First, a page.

CMSA'S Pulse eNewsletter

Covid-19's Effect of 2020 Healthcare Goals & Some Hopeful Signs for the Future

Print this Article | Send to Colleague

Pat Stricker, RN, MEd
Former Senior Vice President
TCS Healthcare Technologies

Review of the 2020 Healthcare Issues, Trends, and Predictions

Let’s begin by looking at a review of healthcare articles presented at the end of 2019 and beginning of 2020 that identified the key healthcare issues, trends, and predictions that would be goals for 2020. The pandemic caused many of these goals to be put aside, but let’s look at what did get accomplished. (They are presented in random order.)   

• There was a strong resistance to the Affordable Care Act (ACA or Obamacare). There were active plans to repeal the ACA, but in November 2020, the Supreme Court rejected an attempted repeal. The pandemic and its significant economic issues left little time or desire to think about taking healthcare away from 21 million Americans in the middle of the most devastating pandemic we have ever experienced, so that was POSITIVE.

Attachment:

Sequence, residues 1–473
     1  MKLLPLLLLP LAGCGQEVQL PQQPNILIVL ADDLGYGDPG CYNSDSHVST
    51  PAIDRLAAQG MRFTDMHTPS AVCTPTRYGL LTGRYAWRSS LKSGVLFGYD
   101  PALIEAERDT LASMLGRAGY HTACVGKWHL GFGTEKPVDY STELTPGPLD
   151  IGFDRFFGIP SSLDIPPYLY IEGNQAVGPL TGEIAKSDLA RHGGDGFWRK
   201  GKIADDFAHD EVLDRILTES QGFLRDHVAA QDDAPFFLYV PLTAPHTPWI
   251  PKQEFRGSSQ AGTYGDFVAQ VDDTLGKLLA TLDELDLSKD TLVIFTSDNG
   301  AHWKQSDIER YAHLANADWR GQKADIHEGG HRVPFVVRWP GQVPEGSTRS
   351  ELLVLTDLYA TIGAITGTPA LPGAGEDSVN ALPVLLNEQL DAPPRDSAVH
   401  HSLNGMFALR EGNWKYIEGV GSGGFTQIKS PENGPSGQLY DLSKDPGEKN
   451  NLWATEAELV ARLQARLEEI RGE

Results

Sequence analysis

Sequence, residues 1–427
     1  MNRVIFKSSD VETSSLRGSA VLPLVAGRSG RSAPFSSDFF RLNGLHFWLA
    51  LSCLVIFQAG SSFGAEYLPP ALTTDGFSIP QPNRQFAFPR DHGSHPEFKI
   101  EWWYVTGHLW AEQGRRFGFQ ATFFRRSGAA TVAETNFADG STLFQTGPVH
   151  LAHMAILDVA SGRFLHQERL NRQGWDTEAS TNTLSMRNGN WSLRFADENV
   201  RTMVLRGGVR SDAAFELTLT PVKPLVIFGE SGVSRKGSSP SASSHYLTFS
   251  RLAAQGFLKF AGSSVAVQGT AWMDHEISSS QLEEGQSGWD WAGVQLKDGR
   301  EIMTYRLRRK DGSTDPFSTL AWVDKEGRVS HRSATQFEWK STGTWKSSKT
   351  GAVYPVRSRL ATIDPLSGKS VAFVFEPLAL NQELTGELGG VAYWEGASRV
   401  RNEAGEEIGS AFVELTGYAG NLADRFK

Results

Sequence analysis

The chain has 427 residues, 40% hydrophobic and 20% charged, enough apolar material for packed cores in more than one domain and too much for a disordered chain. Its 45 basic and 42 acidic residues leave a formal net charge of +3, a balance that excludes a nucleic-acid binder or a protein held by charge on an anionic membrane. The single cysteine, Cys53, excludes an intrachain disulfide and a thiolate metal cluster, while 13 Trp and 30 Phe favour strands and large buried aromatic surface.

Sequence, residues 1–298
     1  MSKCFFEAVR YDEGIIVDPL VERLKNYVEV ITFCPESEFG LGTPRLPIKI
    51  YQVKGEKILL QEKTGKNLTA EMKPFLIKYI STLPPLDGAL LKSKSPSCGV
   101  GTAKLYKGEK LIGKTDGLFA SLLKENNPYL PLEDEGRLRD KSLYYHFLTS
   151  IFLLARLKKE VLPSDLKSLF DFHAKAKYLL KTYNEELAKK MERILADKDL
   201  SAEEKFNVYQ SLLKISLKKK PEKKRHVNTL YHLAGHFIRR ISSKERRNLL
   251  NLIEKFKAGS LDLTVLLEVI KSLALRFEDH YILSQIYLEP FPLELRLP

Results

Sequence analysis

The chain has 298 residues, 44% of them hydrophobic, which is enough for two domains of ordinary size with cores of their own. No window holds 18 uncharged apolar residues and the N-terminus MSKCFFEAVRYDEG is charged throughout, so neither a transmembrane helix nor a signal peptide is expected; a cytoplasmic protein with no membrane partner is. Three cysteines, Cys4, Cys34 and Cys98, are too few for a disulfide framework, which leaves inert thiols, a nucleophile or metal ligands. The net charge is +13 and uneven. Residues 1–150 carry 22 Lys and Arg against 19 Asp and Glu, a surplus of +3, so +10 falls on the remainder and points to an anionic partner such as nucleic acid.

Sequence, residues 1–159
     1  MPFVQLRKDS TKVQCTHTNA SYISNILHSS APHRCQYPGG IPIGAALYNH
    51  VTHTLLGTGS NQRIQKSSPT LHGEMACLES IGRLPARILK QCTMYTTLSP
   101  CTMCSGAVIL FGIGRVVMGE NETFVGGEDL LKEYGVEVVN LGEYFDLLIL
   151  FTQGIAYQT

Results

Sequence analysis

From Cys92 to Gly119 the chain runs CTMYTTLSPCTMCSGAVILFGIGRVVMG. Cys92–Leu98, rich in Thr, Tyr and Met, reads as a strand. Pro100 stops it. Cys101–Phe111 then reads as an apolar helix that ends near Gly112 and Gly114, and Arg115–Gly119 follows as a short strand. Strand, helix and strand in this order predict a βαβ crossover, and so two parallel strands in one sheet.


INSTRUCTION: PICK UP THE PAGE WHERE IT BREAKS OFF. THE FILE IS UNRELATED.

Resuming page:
• Expanding Medicare as a public option was a key area being looked at in the beginning of 2020. The idea of Medicare-for-All or a form of Medicare Advantage-for-All was being discussed, but no decision was made. 

• New price transparency rules were expected to be rolled out in 2020, but due to the pandemic, this did not occur. However, the rule was finalized in 2020 and will become effective on January 1, 2021. The Centers for Medicare & Medicaid Services (CMS) will require all hospitals and facilities working under the hospital’s license to post the cost of 300 services on their internet site to help consumers make better healthcare decisions, so that is POSITIVE.